By Kim Howard
Mary Hester Brownell , who turns 90 on Sunday, has one piece of advice on living a long and happy life: “Be married to Lincoln.”
She was not referring to Abe Lincoln, with whom she shares a birthday. This Lincoln is her husband of 65 years who gave her two parakeets when she turned 89.
As parakeets Molly and Huck chattered on nearby and the rain pattered on the deck, Jerry, as Mary Hester is called by family and friends, declared with no hint of joking last week that her secret to longevity was “right there,” with a slight nod to her husband.
Born in Mays Landing, N.J., outside of Atlantic City, Brownell started life far from Williston, where she has lived for the last 30 years. After graduating from the University of Tennessee in 1938, she taught high school in Decatur, Tenn., a tiny village.
“It had only one bathroom in the whole county,” Brownell said.
She met Lincoln at a party in New York City in 1941 when Lincoln was a lawyer on Wall Street. Their first date was “sort of” a blind date, she said, at a nightclub called the Stork Club. There was a moment of spontaneity.
“We went dancing on Fifth Avenue,” she said. “Linc had a taxi driver turn up the music on his radio and we danced on Fifth Avenue on the sidewalk.”
“At two in the morning,” Lincoln added.
“I grabbed him off the market very quickly,” Brownell said of her husband, whom she married in 1941. “We were very compatible.”
The couple was separated during World War II – he was a pilot with the National Guard, she was in Washington, D.C., doing research and analysis work on China for the Office of Strategic Services, a loose precursor to the Central Intelligence Agency. When the war ended, the couple returned to New York City where they had three sons, two of whom – Peter and Rick — now live in Williston. Before moving to Williston in 1975, the couple lived in Vietnam for 14 years due to a firm Lincoln started up which sold American products in Indo-China.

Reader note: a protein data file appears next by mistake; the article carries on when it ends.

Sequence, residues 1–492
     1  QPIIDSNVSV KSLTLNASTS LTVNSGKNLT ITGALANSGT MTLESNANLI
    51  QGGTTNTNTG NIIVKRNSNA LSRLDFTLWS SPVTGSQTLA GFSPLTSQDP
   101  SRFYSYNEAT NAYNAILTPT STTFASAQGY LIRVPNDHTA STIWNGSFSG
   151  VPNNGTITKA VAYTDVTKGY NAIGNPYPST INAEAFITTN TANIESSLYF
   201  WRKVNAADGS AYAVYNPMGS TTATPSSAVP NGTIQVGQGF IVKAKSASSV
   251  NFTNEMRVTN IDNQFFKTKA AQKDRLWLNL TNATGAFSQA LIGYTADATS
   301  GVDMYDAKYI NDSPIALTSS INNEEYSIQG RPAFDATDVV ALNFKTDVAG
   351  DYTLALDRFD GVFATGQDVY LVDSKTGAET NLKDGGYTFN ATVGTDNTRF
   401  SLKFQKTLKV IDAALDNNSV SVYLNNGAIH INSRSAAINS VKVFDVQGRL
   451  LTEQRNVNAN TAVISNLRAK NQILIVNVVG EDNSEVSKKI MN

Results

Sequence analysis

Lincoln comes from a long line of Vermonters – his parents, grandparents, great grandparents and great-great grandparents all lived here, he said. In 1942 his father and uncles sold nearly all of the family homestead – the land around Imajica horse farm – which had been in the family since 1829. In 1952, they planned to sell the 60 acres they had retained on Brownell Mountain, Lincoln said, so he bought it for $2,000. When Saigon fell in 1975, the Brownells moved back to the U.S. and built a house on the property to retire in.
Brownell said earlier in life she was an avid bridge player. She enjoys the people of Williston and likes the convenience of the shopping developments near Taft Corners. She loves war movies and is a fan of “The West Wing,” a television drama about the White House. Jerry laments this is the show’s last season.
“If you see a lot of crying all around town, that will be it,” she said.
Brownell has no plans for her big day Sunday, nor does she have a long wish list for gifts.
“For my birthday last year I said I wanted a fire place, and that worked out very well, “she said, nodding her head toward a gas-burning fire place nearby in the living room. “But I can’t think of anything except a more comfortable chair.”